Stocks discussed in the in-depth session of Jim Cramer’s Mad Money TV program, Wednesday May 7. Click on a stock ticker for more analysis.
CEO Interview: Ray Milchovich , Foster Wheeler (FWLT)
Cramer says FWLT was unfairly punished on its conference call, and gave back its gain in spite of its strong earnings report. Ray Milchovich said the call focused on the company’s soft spot, its power business that accounts for just 9% of the company’s revenues. He said the problems in that segment are temporary and are based on delays due to environmental and financial concerns; “We believe that this is simply a moderation,” Milchovich said, “not a sea change or a cycle in the market.” Nevertheless, its power division had an “all-time record earnings quarter” and FWLT’s engineering and construction businesses “continue to be robust. The opportunity in the marketplace exceeds that which we and our competitors can serve.” Cramer said analysts acted as if the sky was falling on FWLT but “it isn’t.”
Schering-Plough (SGP) Cramer revisited his faulty call on Schering-Plough back in March when the stock was hammered as the result of almost “sensationalistic” coverage of a cardiology conference during which the company’s drug Vytorin was panned. However, nothing was said at the conference that wasn’t common knowledge, remarked Cramer. Nonetheless, the media, including the New York Times, had a field day with SGP and the stock plunged 26% in one day. So what was Cramer’s mistake? He admitted to having been greedy and staying in the stock after it reached its target price in the $30s. Instead, he decided to hang on and watched the stock drop to $14. However, SGP’s story might have a happy ending; CEO Fred Hassan has bought back stock, applied cost-cutting measures that could save the company $1 billion and is preparing for a strong pipeline of new drugs. Cramer would buy SGP.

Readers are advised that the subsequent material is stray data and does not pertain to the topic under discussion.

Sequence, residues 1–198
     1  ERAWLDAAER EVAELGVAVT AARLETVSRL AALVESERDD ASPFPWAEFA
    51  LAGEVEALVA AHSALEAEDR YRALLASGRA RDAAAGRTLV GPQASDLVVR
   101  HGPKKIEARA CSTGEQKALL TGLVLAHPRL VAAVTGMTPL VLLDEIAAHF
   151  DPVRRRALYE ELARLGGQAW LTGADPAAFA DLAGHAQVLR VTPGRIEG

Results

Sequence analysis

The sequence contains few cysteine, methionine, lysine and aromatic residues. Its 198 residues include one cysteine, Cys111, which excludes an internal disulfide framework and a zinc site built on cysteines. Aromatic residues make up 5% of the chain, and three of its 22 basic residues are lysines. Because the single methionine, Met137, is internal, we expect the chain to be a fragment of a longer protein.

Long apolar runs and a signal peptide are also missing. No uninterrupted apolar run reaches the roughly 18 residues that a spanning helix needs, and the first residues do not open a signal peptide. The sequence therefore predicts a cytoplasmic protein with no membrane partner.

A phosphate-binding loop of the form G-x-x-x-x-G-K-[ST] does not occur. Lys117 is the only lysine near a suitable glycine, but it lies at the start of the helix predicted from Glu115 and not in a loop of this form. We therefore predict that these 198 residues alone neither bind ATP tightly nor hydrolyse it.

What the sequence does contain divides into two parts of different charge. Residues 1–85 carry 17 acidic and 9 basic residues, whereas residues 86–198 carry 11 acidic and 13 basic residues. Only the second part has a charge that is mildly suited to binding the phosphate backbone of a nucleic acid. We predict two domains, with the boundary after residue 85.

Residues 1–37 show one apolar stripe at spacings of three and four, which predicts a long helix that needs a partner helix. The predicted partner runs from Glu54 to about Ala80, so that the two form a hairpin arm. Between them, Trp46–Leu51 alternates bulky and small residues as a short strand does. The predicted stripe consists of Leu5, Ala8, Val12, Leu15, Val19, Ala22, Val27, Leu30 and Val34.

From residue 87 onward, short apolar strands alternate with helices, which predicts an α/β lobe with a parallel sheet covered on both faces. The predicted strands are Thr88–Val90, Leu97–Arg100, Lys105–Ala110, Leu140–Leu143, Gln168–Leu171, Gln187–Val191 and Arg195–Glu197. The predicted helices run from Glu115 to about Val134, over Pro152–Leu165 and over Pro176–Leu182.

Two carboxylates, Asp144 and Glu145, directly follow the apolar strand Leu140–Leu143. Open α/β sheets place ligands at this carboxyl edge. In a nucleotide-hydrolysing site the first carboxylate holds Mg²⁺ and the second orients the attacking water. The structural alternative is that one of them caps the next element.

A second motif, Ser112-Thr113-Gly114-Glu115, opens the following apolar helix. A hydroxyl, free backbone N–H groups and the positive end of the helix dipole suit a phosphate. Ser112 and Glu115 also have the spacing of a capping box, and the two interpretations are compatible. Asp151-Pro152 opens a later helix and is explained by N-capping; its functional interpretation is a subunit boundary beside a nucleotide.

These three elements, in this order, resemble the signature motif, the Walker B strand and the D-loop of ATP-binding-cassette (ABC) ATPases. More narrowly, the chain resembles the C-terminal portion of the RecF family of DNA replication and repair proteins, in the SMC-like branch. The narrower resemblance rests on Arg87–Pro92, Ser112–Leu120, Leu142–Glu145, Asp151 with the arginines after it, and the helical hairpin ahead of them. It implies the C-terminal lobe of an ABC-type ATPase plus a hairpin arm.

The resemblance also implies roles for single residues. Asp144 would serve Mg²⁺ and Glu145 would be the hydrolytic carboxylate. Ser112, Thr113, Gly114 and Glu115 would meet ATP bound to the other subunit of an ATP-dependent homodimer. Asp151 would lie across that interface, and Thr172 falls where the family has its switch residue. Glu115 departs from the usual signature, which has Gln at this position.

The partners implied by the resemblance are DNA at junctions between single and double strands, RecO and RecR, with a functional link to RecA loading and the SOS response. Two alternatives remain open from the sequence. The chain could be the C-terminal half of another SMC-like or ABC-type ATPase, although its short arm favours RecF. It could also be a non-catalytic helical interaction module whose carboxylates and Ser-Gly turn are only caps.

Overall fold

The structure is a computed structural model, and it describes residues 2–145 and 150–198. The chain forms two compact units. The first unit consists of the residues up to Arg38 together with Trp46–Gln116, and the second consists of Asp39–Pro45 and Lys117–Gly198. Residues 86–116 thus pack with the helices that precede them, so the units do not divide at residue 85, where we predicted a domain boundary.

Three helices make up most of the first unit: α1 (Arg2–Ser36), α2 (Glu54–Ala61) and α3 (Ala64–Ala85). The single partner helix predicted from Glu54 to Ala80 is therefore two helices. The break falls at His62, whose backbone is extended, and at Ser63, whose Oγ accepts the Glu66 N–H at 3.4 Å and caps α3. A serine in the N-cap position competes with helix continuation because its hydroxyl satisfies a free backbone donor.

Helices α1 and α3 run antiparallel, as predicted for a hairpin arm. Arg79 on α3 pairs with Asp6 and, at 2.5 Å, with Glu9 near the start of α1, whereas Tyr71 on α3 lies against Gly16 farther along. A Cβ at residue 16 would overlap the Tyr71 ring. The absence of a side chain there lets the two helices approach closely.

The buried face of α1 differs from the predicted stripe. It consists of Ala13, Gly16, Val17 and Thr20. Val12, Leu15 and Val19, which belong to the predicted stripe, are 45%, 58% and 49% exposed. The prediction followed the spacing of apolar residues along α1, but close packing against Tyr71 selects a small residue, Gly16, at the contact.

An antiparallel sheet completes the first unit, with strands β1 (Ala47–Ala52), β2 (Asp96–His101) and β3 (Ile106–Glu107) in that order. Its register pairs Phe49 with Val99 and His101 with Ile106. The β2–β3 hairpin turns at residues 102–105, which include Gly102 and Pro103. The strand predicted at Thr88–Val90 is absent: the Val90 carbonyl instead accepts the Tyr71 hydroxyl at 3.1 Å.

CEO Interview: David Pyott: Allergan (NYSE:AGN) As in the case of Foster Wheeler, AGN’s powerful quarter which beat consensus estimates in sales and earnings per share and “blew out the numbers in R&D” was obscured by the conference call during which the analysts concentrated mainly on AGN’s weak spot: domestic sales of Botox. Analysts chose to ignore AGN’s 23% increase in sales and its 15% earnings per share increase and focused on an area that comprises just 10% of the company’s sales. This doesn’t take into account that Botox sales are rising internationally at double the domestic rate. David Pyott says he is weathering the storm, adding “we just continue to deliver and perform, these things just iron themselves out.” Cramer says AGN is a buy at $52.
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